The India focus at IFFI


The International Film Festival of India held in Goa recently, had interesting focus this year on films from Jharkhand, and sports. Shoma A. Chatterji chronicles the festival.

The 49th International Film Festival of India (IFFI) opened on 20 of November, and continued for eight days. The international competition section had 15 films out of which three were Indian. The competition section represented films produced and co-produced by 22 different countries.

The Jharkhand, sports focus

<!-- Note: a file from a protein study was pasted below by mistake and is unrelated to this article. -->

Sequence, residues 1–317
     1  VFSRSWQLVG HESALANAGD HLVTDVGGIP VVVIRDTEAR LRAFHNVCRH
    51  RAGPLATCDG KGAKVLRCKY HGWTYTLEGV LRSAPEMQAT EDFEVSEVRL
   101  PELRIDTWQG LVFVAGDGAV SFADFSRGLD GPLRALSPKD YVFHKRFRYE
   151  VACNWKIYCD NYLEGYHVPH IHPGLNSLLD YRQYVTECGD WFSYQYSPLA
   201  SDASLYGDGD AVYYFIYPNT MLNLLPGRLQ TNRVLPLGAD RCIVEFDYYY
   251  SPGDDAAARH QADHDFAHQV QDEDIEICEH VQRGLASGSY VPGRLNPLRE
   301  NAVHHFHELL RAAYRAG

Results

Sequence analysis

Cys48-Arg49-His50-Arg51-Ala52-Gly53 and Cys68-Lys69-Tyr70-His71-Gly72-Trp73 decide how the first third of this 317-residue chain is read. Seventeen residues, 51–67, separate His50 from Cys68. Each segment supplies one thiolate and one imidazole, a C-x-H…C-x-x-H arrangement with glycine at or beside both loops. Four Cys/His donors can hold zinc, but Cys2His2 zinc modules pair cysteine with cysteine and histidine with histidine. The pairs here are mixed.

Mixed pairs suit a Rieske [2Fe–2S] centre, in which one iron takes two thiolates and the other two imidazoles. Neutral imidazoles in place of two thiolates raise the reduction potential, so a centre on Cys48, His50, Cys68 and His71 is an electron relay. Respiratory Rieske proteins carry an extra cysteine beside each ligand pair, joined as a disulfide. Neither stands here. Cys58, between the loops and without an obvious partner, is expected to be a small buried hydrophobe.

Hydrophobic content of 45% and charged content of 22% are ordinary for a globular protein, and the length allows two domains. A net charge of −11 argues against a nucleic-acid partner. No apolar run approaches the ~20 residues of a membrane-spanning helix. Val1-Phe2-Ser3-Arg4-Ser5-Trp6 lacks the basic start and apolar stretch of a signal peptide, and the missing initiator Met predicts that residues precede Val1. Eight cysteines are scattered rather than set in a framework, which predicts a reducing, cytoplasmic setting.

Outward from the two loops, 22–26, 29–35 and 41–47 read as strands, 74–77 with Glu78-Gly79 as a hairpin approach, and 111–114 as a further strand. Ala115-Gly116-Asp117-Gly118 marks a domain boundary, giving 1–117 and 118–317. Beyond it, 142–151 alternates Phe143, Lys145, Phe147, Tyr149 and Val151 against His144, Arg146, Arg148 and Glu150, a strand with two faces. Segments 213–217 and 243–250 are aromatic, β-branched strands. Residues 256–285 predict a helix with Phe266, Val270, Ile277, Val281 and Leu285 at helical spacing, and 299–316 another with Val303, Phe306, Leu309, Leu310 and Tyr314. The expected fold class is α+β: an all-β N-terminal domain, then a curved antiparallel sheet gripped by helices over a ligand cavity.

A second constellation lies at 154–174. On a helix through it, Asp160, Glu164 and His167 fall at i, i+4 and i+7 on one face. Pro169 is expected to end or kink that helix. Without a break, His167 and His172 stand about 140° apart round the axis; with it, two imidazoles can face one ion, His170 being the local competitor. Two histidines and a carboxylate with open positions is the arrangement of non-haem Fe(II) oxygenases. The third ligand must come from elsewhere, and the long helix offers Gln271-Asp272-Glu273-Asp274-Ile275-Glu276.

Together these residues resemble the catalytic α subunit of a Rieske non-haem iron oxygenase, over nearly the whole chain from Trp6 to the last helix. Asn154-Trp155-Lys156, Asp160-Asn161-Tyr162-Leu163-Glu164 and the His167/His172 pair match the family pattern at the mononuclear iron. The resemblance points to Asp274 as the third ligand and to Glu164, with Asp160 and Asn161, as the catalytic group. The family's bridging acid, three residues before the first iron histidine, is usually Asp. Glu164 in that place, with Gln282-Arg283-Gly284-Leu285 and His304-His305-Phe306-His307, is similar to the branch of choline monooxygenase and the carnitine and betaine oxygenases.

Two most interesting screening programmes this year were – a focus of the cinema of Jharkhand, which probably few knew about, and the screening of films on sports and sportspersons. The first feature film of Jharkhand was Aakarant made under the banner of Drishyantar International, 1988. Earlier this year, The Ranchi Press Club organised the Jharkhand International Film Festival where 42 film personalities from Jharkhand were bestowed awards. The Jollywood Cine Kala Awards were initiated way back in 2008. The Jharkhand film industry works together with films made in Nagpur so these films also formed a part of the Jharkhand film industry. Some of the award-winning films are – Road to Sangam, Pyar Kar Mehendi Rachaye Lio Re, Nari Kar Dil Aisan Bhi Hoyela, the documentary Unity in Diversity made by the students of Karim City College, Jamshedpur, and The dark side by the students of Central University, Ranchi. A very good short film that has won awards is Speed.